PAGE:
The Jewish Temple was destroyed by the Romans in AD 70. This must have resulted in more and more of the early Christians gathering in synagogues and homes to worship God. Eventually, as more Gentiles became Christians, fewer people worshiped in synagogues and more began to assemble in homes, mostly on Sundays. Gradually, Christian communities built bespoke buildings in which they gathered to worship God. These buildings eventually took on the collective name of the people who gathered there to worship – church buildings.
Churches today take on various shapes and forms, from cathedrals to chapels, from extravagant campuses to humble homes. Christians from all walks meet avidly in churches to worship God. However, do any of church buildings truly represent the true place of worship?
Biblically, we have seen that Jews worshiped at the temple in Jerusalem and synagogues outside of Jerusalem. However, in Bible times there were other God-fearing people who also worshiped Yahweh, but they did not worship at the temple. These people were the Samaritans. Apart from some theological differences, the Samaritans followed the Torah and worshiped God as the Jews did. The main difference, however, was that the Samaritans believed the true place of worship was not the Jerusalem temple but a mountain in Samaria where Jacob’s well was located.
One day, while travelling from Galilee up to Jerusalem, Jesus and his disciples stopped for lunch at Jacob’s well, near the city of Samaria. Jesus sent his men into town to buy lunch while he waited at the well. A Samaritan woman came by to draw water from the well. “Give me a drink,” asked Jesus.
A conversation ensued between Jesus and the woman. Eventually, referring to her religious traditions she said to Jesus, “Sir, I perceive that you are a prophet. Our fathers worshipped on this mountain, but you say that in Jerusalem is the place where people ought to worship.”
In response Jesus answered, “Woman, believe me, the hour is coming when neither on this mountain nor in Jerusalem will you worship the Father. The hour is coming, and is now here, when the true worshippers will worship the Father in spirit and truth, for the Father is seeking such people to worship him. God is spirit, and those who worship him must worship in spirit and truth,” (John 4:18-24).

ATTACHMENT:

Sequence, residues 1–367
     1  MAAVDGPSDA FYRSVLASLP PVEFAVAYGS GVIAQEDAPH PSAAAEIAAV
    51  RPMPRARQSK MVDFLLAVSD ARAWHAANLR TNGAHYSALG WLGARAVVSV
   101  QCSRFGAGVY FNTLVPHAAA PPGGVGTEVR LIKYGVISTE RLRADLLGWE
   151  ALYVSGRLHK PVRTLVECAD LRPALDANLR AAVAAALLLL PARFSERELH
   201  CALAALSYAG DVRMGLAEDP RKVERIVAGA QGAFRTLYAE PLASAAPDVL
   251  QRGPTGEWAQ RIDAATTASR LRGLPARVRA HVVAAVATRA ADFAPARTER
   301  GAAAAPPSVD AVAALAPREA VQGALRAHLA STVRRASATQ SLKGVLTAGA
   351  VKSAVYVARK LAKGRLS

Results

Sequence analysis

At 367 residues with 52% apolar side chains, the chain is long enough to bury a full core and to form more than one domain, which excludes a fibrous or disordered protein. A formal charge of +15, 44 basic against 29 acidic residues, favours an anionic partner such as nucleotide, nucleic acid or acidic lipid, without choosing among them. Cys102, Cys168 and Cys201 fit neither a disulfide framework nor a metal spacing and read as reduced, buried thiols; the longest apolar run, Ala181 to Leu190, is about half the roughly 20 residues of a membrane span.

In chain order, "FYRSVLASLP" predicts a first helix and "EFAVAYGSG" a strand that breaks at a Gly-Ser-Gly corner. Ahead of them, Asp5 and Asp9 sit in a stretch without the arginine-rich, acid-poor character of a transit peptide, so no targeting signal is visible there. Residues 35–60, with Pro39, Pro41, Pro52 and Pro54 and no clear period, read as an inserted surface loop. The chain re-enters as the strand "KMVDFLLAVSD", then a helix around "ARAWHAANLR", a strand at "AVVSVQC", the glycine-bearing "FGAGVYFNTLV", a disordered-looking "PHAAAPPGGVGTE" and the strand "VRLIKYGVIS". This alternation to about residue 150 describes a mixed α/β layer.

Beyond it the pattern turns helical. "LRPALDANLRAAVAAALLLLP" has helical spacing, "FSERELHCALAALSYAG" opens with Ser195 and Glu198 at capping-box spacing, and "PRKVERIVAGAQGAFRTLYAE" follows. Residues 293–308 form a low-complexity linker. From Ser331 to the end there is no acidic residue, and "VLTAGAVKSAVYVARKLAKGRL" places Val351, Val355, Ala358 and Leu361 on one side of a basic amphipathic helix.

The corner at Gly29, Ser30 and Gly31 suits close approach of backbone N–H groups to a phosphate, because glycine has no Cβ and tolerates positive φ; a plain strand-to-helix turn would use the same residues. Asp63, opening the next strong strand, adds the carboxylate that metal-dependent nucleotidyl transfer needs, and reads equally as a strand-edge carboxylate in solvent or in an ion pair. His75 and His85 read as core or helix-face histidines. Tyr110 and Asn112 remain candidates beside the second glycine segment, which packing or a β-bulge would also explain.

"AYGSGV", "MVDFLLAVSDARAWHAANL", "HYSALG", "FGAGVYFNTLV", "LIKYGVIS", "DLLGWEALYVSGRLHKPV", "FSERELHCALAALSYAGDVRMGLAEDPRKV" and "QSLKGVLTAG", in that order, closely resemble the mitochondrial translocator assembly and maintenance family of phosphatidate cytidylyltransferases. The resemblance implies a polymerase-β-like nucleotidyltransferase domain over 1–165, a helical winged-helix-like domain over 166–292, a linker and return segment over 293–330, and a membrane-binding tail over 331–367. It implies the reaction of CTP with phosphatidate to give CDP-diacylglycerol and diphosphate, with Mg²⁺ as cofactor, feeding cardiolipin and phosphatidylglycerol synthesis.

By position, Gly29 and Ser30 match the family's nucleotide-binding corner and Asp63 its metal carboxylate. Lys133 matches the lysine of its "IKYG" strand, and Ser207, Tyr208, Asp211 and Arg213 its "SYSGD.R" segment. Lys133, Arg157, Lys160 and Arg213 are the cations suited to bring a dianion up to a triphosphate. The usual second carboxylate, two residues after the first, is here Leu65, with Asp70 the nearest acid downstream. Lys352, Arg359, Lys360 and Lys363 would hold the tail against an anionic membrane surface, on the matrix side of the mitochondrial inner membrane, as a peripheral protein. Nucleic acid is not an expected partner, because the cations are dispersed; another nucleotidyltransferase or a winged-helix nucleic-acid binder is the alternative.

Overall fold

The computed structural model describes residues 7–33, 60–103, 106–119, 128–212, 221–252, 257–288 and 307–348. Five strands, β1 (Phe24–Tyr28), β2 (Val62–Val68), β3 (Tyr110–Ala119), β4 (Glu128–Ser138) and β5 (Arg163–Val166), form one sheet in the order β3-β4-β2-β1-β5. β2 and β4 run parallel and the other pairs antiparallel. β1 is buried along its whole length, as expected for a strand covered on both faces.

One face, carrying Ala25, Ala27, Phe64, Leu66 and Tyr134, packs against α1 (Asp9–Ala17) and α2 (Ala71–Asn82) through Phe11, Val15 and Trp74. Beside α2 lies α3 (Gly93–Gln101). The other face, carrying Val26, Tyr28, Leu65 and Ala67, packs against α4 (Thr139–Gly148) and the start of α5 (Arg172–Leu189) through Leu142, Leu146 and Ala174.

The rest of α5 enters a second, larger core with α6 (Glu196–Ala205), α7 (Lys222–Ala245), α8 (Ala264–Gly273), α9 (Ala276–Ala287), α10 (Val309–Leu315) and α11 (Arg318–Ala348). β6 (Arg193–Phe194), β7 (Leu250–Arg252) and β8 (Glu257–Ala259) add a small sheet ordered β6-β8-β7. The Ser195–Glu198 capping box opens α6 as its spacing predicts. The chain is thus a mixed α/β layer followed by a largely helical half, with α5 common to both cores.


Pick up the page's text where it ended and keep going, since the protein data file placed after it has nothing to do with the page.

Come Together in That Place
Clearly, Jesus points out that the true place for worship was not a temple or mountain. The true ritual of worship was not in animal sacrifices or the traditions of man. The true ritual of worship is not found in elaborate musical ensembles or exuberant praise and worship sessions. The true ritual of worship is a heartfelt sincere and spiritual expression of the adoration of God, to his glory. The true place of worship, therefore, is a pure and contrite heart totally surrendered to the Lord God Almighty. David said, “Bless the Lord, O my soul, and all that is within me, bless his holy name!” (Psalm 103:1). It is here that a real and continual awareness of the presence of God is found.
The orthodox Jews believe that wherever 10 or more men are gathered together, they can worship in prayer. But Jesus said, “For where two or three are gathered in my name, there am I among them.” Two or three can gather anywhere, anytime to pray. Consequently, a true place of worship is not a house of worship or an establishment or other location where a group of people (a congregation) comes to perform acts of religious faith, honour, or devotion. A true place of worship is found where two or more humble hearts join together in a true spiritual expression of sincere adoration of God Almighty and in the fellowship of His Holy Spirit.
God is Spirit and he has created you and I as spirit beings. To connect with God in worship, we need to disconnect with the flesh and open our hearts to the living, breathing Holy Spirit. Heart worship can only be done in truth, otherwise it is not from the heart but from the flesh. And worship is not music, and music is not worship. Worship is prayer, and prayer is worship.
As R. T. Kendall said, “Prayer can no more be divorced from worship than life can be divorced from breathing.” Christian worship leader and songwriter, Martin Smith is quoted as saying, “The essence of worship is trying to arrange your whole life that pleases God.” True worship is a life totally surrendered to God. Worship is not an action, it is a lifestyle.
So, whether you meet with other believers in a cathedral or a coffee shop, always remember that the true place of worship is right there where your heart is.